Collection: Charles Cros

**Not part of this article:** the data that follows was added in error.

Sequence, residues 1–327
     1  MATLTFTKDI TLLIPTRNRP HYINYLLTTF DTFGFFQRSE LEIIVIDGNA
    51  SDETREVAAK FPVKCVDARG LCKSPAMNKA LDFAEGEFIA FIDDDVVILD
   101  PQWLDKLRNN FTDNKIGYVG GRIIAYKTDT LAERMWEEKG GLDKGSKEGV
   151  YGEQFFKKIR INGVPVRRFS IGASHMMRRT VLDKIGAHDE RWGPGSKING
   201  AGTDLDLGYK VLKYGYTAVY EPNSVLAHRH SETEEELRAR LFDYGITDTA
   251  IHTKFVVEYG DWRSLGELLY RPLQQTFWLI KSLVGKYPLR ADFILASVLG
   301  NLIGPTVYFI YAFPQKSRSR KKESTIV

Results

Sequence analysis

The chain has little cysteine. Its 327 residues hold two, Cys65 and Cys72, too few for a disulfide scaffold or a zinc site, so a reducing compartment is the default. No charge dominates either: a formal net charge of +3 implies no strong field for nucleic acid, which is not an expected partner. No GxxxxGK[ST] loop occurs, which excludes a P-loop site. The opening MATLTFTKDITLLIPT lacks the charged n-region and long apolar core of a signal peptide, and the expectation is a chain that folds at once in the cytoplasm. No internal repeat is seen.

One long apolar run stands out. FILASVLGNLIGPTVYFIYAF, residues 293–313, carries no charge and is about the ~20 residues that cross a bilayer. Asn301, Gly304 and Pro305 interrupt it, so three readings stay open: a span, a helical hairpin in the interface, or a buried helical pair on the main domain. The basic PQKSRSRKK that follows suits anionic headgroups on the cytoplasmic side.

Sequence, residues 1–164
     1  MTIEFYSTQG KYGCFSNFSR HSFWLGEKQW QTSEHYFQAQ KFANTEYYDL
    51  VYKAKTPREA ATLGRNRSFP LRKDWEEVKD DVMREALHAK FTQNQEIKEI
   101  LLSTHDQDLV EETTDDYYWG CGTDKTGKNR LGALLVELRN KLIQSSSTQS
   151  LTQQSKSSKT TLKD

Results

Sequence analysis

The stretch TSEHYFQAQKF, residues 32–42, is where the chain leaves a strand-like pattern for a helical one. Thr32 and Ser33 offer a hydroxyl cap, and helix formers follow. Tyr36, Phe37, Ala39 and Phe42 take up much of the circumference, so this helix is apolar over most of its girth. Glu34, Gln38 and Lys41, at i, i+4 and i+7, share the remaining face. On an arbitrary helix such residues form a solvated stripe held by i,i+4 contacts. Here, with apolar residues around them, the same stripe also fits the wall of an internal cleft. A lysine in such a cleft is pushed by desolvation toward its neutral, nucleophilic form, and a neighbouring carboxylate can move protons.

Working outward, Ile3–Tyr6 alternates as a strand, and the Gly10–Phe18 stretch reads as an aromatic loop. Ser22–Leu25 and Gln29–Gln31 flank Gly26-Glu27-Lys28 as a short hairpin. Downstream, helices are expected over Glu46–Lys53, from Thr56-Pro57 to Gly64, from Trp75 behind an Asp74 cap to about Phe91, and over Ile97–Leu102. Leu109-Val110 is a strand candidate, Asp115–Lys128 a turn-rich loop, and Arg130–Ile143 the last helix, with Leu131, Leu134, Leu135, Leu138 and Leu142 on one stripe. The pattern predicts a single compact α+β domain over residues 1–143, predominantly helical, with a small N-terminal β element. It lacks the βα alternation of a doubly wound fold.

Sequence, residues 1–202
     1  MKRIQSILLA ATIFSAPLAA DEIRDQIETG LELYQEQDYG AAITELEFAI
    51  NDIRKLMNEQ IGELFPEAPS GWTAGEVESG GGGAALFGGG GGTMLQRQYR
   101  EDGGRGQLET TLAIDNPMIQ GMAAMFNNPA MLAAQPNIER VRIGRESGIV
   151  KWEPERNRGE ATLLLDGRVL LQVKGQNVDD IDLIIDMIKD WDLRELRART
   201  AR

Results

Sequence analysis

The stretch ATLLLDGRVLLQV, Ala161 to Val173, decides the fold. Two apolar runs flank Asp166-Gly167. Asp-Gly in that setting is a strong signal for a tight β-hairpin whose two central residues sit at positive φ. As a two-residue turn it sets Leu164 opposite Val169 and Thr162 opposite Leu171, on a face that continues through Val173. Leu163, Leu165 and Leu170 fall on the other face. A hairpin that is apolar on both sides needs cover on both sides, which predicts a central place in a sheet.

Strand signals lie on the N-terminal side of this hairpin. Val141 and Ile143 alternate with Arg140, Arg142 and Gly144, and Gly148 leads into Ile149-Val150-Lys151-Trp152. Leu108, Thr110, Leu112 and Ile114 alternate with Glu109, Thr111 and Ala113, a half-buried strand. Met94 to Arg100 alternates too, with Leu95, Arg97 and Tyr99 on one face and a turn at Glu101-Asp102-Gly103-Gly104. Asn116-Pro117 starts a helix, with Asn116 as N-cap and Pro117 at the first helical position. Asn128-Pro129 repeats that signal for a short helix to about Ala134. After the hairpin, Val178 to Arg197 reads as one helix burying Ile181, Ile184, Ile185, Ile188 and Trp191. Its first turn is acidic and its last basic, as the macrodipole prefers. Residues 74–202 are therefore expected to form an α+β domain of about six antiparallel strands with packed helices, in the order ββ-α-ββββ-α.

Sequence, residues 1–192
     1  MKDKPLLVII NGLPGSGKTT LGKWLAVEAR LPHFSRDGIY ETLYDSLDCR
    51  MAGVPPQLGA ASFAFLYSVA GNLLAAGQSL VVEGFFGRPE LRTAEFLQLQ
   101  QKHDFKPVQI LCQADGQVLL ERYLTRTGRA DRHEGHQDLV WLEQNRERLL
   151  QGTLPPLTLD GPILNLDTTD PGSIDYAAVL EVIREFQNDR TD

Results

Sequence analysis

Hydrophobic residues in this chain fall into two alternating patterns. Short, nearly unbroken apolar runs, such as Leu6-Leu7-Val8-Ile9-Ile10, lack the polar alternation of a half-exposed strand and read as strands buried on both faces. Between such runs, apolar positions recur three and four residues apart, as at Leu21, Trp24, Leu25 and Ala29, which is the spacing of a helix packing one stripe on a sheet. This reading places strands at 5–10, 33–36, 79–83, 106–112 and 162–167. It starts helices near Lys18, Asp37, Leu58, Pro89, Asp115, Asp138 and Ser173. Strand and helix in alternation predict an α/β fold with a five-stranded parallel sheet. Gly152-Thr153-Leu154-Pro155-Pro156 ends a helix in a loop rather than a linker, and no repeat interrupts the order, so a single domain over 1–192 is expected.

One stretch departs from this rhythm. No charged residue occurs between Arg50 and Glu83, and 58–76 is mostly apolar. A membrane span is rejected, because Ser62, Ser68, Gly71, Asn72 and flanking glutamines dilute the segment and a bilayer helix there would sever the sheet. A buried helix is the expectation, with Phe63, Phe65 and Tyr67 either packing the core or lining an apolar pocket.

Charles Cros (1842–1888) was as much Renaissance man as he was poète maudit. A bohemian poet who drank with Verlaine and at one point provided housing to Rimbaud, he also developed the comic monologue as a theatrical genre, and invented both the phonograph (which he named the “paléophone”) and color photography (though he failed to patent either before Thomas Edison or Louis Ducos du Hauron), among other such inventions as a non-metallic battery and a musical stenographer. “The freshness of his intelligence was such that no object of desire seemed utopian to him a priori,” André Breton wrote of him, adding: “The pure playfulness of certain wholly whimsical portions of Cros’s work should not obscure the fact that at the center of some of his most beautiful poems a revolver is leveled straight at us.”